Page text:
Mistake #6: Failing to set up an emergency fund
You may think taking out life insurance is enough protection when you’re healthy and feeling invincible in your 30s. Your company may even offer it to you as part of your employee benefits. But while life insurance is certainly good protection, it doesn’t earn you money and you can’t use it to protect your financial future. Creating an emergency fund does. This type of lower-risk unit trust investment will give you accessible funds when you need them quickly for life’s unplanned expenses like vet’s bills, a new roof or car repair, while offering returns at the same time. Then you won’t have to go into debt, or borrow from other investments, to afford them. The Prudential Income Fund is designed to offer an accessible, lower-risk solution with returns that beat those of a typical money market fund.
Mistake #7: Avoiding the pre-wedding money talk
It’s not fun or sexy to talk about your finances with your partner or future spouse… but if you’re going to live together, it’s a good idea to plan together – and that includes financial planning. Money is a leading cause of conflict between couples, so have the hard conversation early in your relationship, before bad habits and irreconcilable money differences set in. Learn about each other’s financial background – including investments, debts and spending habits – and start working together towards common financial goals.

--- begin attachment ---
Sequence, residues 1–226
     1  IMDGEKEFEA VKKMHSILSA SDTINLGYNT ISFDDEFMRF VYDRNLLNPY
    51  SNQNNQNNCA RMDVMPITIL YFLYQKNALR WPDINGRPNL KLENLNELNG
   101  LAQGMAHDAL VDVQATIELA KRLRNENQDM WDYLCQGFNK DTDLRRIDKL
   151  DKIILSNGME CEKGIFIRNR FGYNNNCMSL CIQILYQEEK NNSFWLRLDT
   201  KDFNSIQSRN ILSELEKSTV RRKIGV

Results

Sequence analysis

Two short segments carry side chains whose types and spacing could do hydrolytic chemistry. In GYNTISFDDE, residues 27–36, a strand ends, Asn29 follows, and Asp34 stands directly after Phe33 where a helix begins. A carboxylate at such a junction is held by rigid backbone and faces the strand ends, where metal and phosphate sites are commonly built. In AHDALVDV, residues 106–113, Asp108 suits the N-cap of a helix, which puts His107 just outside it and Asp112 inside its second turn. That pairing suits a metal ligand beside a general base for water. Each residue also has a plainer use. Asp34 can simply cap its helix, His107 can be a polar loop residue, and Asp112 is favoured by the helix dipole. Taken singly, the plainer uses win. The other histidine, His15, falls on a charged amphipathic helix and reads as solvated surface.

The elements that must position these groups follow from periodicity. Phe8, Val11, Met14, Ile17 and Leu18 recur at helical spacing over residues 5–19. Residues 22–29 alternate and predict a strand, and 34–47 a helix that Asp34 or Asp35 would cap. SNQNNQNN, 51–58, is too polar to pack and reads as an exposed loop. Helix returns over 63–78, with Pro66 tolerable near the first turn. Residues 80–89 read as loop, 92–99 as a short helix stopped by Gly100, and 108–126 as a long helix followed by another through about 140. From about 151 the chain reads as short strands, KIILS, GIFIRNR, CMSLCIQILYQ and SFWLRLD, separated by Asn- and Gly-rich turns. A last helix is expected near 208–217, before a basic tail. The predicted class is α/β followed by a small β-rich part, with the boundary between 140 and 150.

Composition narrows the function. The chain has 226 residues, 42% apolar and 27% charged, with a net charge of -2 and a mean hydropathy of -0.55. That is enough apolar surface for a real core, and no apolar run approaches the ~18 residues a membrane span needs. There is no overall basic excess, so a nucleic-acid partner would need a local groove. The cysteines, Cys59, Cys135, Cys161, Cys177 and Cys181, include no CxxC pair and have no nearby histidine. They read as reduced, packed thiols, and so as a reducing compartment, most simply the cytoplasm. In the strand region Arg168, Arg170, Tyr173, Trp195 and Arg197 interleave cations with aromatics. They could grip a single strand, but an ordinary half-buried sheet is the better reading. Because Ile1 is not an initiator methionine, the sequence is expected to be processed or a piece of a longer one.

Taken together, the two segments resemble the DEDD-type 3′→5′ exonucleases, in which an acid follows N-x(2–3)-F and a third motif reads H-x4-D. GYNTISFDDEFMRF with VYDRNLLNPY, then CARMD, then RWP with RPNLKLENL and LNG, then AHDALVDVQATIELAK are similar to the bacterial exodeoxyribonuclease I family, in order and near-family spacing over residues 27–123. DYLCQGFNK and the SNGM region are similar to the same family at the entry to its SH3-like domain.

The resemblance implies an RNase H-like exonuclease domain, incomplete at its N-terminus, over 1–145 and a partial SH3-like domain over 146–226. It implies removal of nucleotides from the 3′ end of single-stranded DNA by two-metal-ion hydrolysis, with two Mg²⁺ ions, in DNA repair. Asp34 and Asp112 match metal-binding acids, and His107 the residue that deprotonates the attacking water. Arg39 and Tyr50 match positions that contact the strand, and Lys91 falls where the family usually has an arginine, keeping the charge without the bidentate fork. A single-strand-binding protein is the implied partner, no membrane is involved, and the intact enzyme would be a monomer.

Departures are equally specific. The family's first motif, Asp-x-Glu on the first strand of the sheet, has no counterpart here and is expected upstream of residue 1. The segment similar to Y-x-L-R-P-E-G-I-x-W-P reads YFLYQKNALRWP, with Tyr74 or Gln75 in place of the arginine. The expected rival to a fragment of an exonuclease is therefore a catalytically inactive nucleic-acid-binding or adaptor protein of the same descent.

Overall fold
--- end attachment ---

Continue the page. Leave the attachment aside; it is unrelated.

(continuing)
Mistake #8: Spending a fortune on your first child
Babies are fun. Babies are exciting. Babies are cute. And – if you’re not careful – babies are monumentally expensive. Here we’re not just talking about medical expenses (though those will add up quickly); instead we’re talking about you or your partner, in your excitement, spending far too much on top-of-the-range cribs, bottles, toys, clothes, etc. Slow down, use the money sensibly, and invest in your child’s future, when they – and you – will really need the cash.
Mistake #9: Prioritising their education over your retirement
This is an even bigger mistake than overspending on baby shoes. Your child’s education and financial security are obviously very important, but your top priority in your 30s should still be your retirement. Focus on your long-term plan, and secure your financial future so that you’re able to look after yourself, and not become a financial burden on your child. Remember, if you fail to set enough aside for your retirement, you’ll look to your kids to take care of you… and that could end up being far more expensive in the long run.
Mistake #10: Assuming you’ll be richer in the future
You’re young, and you’re still building your career. A decade from now you’ll hopefully be all set, earning top dollar and probably running your own company. At least… that’s the dream. Don’t fall into the trap of overspending in your 30s, based on the assumption that you’ll have loads of income in your 40s to pay off your debt. Save, invest, and do your future self a favour by living within your means and not digging a bottomless pit of debt. Your 40-something self will thank you for it.
As always, if you need more information please feel free to contact our Client Services Team on 0860 105 775 or email us at firstname.lastname@example.org